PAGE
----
As to Fraser Cain’s question: “What ended the dark ages?” Answer: Enlightenment (lol)
But seriously, the concept of magnification is a real interest, especially, if they’ll be able to use this method with the “Atacama Large Millimeter Array” after 2012. Possibly, getting close enuf’ to see (hear) the “Bang”, or not.
That’s it ! The entire universe is an enormous dust bunny !
Hmmm. Another picture of a couple of fuzzy dots. Good thing we spent a couple of billion on the Hubble.
For those who don’t recall Joel’s reference to the “War on Poverty,” ewad below. Hubble is money well spent, the scientific value gained is immeasurable. . .
During President Johnsonâ€™s administration, his government fought what was identified as being a â€œWar on Povertyâ€? under the auspicious of his â€œThe Great Societyâ€? the slogan under which heâ€™d campaigned and was elected in 1964. After decades of dashed hopes and expenditures there were no lasting tangible benefits realized by the nation, apparently, accepting the war on poverty had been fought and poverty had won. Congress passed in 1996, the â€œPersonal Responsibility and Employment Opportunity Actâ€? â€“ being little more than a frustrated withdrawal from the U.S. War on Poverty.
I guess I would suggest that the Hubble Telescope be described as sensitive rather than powerful. Powerful as a descriptor should be reserved for devices that do work on things.
The History Channel or Discovery Channel just did a whole show on the Hubble. I don’t remember them quoting a total for the entire package, but they did say that the mirror cost $450 million alone. Now add to that the cost of everything to go with it and the fact that it launched 20 years late ant was WAY more thab a couple billion.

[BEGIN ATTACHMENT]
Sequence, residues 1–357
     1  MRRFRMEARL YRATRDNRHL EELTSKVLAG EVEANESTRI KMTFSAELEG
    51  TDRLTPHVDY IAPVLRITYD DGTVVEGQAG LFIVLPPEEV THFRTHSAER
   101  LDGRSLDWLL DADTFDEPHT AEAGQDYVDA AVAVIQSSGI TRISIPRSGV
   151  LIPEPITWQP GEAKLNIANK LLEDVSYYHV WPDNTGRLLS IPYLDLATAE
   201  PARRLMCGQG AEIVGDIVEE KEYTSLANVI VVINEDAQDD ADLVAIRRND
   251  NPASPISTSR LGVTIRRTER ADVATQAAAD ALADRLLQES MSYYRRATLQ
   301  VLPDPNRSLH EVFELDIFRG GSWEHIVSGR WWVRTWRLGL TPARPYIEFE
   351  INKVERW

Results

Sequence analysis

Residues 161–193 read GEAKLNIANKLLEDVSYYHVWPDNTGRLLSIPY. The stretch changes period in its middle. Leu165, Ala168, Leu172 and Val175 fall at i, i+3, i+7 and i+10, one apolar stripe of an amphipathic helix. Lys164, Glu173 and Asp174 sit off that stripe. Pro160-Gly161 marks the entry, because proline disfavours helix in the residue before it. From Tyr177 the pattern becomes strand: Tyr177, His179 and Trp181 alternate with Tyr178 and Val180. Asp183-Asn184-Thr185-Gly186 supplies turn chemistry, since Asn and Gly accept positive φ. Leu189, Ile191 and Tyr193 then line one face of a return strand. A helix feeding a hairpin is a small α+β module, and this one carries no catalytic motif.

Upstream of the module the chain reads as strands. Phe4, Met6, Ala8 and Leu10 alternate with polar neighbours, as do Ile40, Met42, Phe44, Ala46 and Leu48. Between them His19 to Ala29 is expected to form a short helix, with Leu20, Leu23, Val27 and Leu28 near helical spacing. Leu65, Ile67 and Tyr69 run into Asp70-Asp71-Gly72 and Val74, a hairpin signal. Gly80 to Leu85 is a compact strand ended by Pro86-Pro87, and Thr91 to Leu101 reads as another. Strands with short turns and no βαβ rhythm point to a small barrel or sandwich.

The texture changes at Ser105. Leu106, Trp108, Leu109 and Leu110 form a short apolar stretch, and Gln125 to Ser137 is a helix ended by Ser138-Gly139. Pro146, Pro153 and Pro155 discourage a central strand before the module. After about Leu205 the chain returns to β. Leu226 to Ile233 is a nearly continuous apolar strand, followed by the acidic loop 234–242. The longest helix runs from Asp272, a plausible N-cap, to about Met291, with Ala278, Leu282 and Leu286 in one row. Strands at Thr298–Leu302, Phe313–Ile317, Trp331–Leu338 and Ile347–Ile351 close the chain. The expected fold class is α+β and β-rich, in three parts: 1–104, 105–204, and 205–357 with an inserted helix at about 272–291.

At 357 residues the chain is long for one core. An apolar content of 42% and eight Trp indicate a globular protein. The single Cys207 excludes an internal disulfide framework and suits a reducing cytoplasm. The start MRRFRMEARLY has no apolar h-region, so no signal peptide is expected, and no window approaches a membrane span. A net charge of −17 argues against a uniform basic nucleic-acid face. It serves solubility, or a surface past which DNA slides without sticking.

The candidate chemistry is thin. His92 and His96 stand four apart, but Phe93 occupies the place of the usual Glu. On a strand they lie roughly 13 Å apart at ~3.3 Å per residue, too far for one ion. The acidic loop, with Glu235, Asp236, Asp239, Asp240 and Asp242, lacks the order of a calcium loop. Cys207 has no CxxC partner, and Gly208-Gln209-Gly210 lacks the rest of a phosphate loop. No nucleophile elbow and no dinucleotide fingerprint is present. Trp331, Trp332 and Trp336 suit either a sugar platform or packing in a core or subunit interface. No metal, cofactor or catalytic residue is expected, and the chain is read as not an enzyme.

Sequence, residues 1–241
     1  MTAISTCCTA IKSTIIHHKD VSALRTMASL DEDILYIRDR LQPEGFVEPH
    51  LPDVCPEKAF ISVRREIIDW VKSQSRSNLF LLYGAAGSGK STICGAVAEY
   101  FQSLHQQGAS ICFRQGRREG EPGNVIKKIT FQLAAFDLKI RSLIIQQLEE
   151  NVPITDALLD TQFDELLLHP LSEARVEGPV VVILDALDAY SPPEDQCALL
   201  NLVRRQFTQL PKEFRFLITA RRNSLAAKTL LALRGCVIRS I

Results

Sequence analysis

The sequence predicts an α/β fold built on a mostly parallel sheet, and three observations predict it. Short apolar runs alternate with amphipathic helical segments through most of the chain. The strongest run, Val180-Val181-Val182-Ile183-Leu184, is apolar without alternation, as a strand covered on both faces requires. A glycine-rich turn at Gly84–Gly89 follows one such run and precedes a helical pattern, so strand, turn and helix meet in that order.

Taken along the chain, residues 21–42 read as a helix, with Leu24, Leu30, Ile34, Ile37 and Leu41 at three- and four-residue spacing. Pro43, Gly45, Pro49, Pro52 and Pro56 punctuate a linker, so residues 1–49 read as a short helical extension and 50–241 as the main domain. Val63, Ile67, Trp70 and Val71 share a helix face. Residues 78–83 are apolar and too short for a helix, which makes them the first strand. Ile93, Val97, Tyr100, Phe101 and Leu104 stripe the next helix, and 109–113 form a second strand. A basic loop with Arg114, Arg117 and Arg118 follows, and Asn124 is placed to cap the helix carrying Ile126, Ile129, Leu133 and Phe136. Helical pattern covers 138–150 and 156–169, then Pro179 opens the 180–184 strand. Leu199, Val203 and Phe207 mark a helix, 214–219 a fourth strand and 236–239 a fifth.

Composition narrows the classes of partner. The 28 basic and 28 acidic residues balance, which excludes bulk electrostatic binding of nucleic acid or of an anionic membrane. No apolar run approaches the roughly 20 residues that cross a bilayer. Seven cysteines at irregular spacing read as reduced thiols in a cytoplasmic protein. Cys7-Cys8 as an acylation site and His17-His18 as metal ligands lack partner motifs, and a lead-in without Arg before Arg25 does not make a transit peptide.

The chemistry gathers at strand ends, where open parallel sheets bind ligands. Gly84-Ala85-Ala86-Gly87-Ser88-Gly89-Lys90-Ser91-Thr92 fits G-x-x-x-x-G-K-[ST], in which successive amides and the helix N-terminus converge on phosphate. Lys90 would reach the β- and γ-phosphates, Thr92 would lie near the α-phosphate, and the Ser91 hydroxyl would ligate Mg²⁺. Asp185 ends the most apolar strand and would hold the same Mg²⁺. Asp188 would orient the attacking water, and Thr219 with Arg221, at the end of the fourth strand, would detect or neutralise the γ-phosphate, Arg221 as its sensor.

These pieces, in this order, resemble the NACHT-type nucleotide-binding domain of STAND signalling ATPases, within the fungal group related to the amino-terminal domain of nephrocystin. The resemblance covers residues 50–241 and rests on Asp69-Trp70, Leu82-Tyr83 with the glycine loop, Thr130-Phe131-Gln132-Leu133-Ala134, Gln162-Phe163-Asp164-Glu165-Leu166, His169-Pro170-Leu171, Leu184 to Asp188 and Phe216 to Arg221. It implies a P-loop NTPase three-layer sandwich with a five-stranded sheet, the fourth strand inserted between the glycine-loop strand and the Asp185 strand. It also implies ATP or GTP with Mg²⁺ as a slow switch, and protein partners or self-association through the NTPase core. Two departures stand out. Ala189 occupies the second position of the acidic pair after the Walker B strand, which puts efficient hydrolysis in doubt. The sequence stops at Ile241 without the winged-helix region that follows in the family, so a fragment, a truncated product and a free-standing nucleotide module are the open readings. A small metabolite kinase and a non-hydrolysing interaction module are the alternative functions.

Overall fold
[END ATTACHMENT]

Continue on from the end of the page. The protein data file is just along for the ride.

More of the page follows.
I can’t wait for the ATLAS scope, that’ll be even better than the James Webb and it might be able to image extrasolar planets!
I can’t find a viable explanation anywhere for this, much as I try: If they are claiming that they are viewing a galaxy just 700 million years after the big bang, (implying that the big bang could be viewed by viewing an additional 700 million light years deeper/distant), what if they looked in the opposite direction, (from Earth), just as distantly? Can they also claim the same age of a viewed galaxy and nearness to the big bang?
These explanations/descriptions seem to imply a big bang originally taking place near earth, as though we were and are the center of it all with all matter moving outward and away from us- and other times, as though the big bang occurred at 13.7 billion light years distance at all points – in all directions.
The age of the shown galaxy – 700 million years old – implies that 13 billion years has past since the big bang – (at the location of that galaxy) – but it took 13 billion years for the light to reach us.
What of a similar galaxy – with similar stats – in a completely different direction from us?
And with a fairly well establish age of the universe at 13.7 billion years – how is the universe supposedly over 150 billion light years across?
Well, back to earth. I’m off to fix a dripping faucet…::smiles::
Gee fellas, who cares if the Hubble cost a couple of billion dollars. That’s about the same price as ONE stealth bomber in a country where the total GNP is approaching 14 trillion.
And it still blows my mind that space itself is expanding. If we can see 13 billion light-years into the distant past with Hubble, imagine what we’re going to be able to do with the new instruments coming on line. If all this isn’t worth a ‘hot diggity damn’ I don’t know what is.
Not sure about this big bang theory, I well remember the ‘space scientists’ imaging the darkest past of the distant universe with Hubble telescope for something like a week, just to see what would be there.
I said to my wife there will be thousands more galaxies there-and there was!!
I wish I were a ‘space scientist’ and come up with marvellous theories like Dr S Hawkins who suggested 20 years ago that the universe was about 10-12 billion light years old.
Didnt believe him then and dont believe in the big bang theory now.
I’m looking forward to seeing thousands more galaxies when the new generation of space telescopes are launched!
The images are just mind blowing and beautiful to behold.